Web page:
Thursday, 3 January 2019

December phytochemicals - poison tipped arrows and holiday highlights

Glaziovianin: a flavonoid compound from Ateleia glazioviana that belongs to a family of tubulin polymerization inhibitors. By inhibiting microtubule assembly, these compounds interfere with cell division = potential chemotheraputics.

Ouabain:The poison-tipped arrow: brought to you by biochemical pathways in the Apocyanace! Species in this lineage such as Acokanthera schimperi twist and modify squalene into this potent cardiac glycoside. In small doses it can treat low blood pressure, but when delivered by arrow, inhibits the sodium-potassium ion pump and can cause cardiac arrest.

Pinenes: Happy holidays! If you enjoy the smell of a Christmas tree this season (mainly Pinaceae and Cupressaceae spp.), you are likely smelling a mixture of compounds that contains pinenes. Isolated, these monoterpenes smell a bit like turpentine and repel insects.

Ethyl lactate: Impress friends on #NYE2018: tout ethyl lactate, a volatile ester (union of an alcohol - ethanol, and acid - lactic acid) that contributes a buttery, creamy aroma to champagne. Also a green solvent that can be used to clean and degrease your post-party pans.

Sunday, 9 December 2018

November phytochemicals - frankincense, ephedrine, and more!

Gallagic acid: a beautifully symmetrical precursor to complex ellagitannin phenolics in the rind, heartwood, and bark of pomegranate (Punica granatum). These compounds seem to inhibit carbonic anhydrases, metalloenzymes that interconvert water/CO2 and carbonic acid.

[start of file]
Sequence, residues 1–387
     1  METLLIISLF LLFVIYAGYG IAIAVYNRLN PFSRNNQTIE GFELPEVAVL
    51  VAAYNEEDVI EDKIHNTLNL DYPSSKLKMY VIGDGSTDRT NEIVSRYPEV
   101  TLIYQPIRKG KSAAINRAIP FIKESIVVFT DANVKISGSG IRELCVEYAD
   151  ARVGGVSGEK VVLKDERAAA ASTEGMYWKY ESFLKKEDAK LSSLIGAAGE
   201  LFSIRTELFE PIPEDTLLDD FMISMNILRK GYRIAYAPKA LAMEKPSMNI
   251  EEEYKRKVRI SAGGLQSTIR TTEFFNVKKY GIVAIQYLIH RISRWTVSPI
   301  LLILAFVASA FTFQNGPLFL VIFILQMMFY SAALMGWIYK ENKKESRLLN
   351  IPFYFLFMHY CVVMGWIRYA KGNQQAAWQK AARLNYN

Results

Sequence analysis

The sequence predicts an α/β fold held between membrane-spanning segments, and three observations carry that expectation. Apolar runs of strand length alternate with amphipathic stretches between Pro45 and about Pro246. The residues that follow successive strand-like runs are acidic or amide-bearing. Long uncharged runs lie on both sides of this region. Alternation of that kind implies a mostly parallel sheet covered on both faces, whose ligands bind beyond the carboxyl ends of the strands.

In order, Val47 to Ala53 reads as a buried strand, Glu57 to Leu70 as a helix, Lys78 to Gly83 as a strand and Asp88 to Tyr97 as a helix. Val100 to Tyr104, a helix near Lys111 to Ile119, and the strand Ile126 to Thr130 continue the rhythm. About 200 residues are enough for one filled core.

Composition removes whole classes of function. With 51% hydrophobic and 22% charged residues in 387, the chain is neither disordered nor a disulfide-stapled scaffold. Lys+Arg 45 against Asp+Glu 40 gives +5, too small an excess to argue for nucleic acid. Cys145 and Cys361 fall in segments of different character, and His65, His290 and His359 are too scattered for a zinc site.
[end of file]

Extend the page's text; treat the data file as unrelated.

Olibanic acids: Relatively recently discovered, these compounds are from Boswellia sacra (Sapindales), the frankincense tree (https://bit.ly/2hncgHQ). These molecules give the odor of the tree’s dried resin a characteristic 'old church' note. Now that these compounds are known, genes underlying their biosynthesis can be discovered, and the frankincense odor could be replicated in engineered yeast - putting a stop to the unsustainable harvest of Boswellia trees.

Cucurbitacins: These bitter-tasting compounds are found in some types of pumpkin and squash (cucurbitaceae), mainly wild varieties. In high doses (e.g. from bitter zucchini) they can cause illness, even death(!), and are under basic research. Stay away from bitter squash!

Ephedrine alkaloids: Components of traditional Chinese medicine from Ephedra spp. (gymnosperm shrubs), these isomeric phenolics are stimulants and can increase blood pressure. Their diastereomers (pseudoephedrine) are less potent.

Myristicin: A compound from the evergreen Myristica fragrans, which is in of my favorite plant groups: the Magnoliales. This plant is the source of nutmeg (though myristicin is also found in the Apiaceae; dill, parsley, etc.). This phenolic compound is psychoactive at high doses - causing nausea and paranoia.

Sunday, 28 October 2018

October phytochemicals - absinthe, aspirin, and more!

Honokiol: a polyphenol lignin antioxidant from the bark and cones of Magnolia spp. A traditional medicine whose hydrophobicity facilitates crossing the blood-brain barrier (thus bioavailability) where it exerts various phamacological effects.

Thujone: a bicyclic monoterpene from wormwood (the aster Artemisia absinthium) and many other plant species. It is a GABA agonist that can cause muscle spasms and convulsions (it is dangerous!). Historically used in the making of absinthe, but does not seem to be psychoactive. It is apparently still unclear what (if any) psychoactive ingredient is present in absinthe